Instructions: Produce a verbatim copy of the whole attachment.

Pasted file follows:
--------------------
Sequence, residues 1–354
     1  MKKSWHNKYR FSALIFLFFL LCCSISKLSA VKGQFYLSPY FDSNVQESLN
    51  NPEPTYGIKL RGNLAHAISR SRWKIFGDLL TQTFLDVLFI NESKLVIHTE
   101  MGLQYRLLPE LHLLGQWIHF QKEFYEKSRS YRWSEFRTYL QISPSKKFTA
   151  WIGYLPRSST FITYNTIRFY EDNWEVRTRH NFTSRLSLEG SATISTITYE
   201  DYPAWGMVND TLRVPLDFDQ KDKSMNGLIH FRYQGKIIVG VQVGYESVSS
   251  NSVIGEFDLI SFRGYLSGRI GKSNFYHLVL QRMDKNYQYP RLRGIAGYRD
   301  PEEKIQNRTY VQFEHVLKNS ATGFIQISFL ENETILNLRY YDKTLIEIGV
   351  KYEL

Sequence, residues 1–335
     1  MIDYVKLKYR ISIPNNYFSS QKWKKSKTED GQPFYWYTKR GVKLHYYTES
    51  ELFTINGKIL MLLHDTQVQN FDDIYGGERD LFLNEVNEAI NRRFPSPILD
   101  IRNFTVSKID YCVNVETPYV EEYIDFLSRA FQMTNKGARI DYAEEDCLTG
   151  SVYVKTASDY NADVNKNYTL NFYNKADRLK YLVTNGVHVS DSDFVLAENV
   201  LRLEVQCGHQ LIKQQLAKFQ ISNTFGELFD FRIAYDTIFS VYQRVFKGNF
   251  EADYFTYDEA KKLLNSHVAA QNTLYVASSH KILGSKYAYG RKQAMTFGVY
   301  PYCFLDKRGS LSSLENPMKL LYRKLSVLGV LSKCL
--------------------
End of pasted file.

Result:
Sequence, residues 1–354
     1  MKKSWHNKYR FSALIFLFFL LCCSISKLSA VKGQFYLSPY FDSNVQESLN
    51  NPEPTYGIKL RGNLAHAISR SRWKIFGDLL TQTFLDVLFI NESKLVIHTE
   101  MGLQYRLLPE LHLLGQWIHF QKEFYEKSRS YRWSEFRTYL QISPSKKFTA
   151  WIGYLPRSST FITYNTIRFY EDNWEVRTRH NFTSRLSLEG SATISTITYE
   201  DYPAWGMVND TLRVPLDFDQ KDKSMNGLIH FRYQGKIIVG VQVGYESVSS
   251  NSVIGEFDLI SFRGYLSGRI GKSNFYHLVL QRMDKNYQYP RLRGIAGYRD
   301  PEEKIQNRTY VQFEHVLKNS ATGFIQISFL ENETILNLRY YDKTLIEIGV
   351  KYEL

Sequence, residues 1–335
     1  MIDYVKLKYR ISIPNNYFSS QKWKKSKTED GQPFYWYTKR GVKLHYYTES
    51  ELFTINGKIL MLLHDTQVQN FDDIYGGERD LFLNEVNEAI NRRFPSPILD
   101  IRNFTVSKID YCVNVETPYV EEYIDFLSRA FQMTNKGARI DYAEEDCLTG
   151  SVYVKTASDY NADVNKNYTL NFYNKADRLK YLVTNGVHVS DSDFVLAENV
   201  LRLEVQCGHQ LIKQQLAKFQ ISNTFGELFD FRIAYDTIFS VYQRVFKGNF
   251  EADYFTYDEA KKLLNSHVAA QNTLYVASSH KILGSKYAYG RKQAMTFGVY
   301  PYCFLDKRGS LSSLENPMKL LYRKLSVLGV LSKCL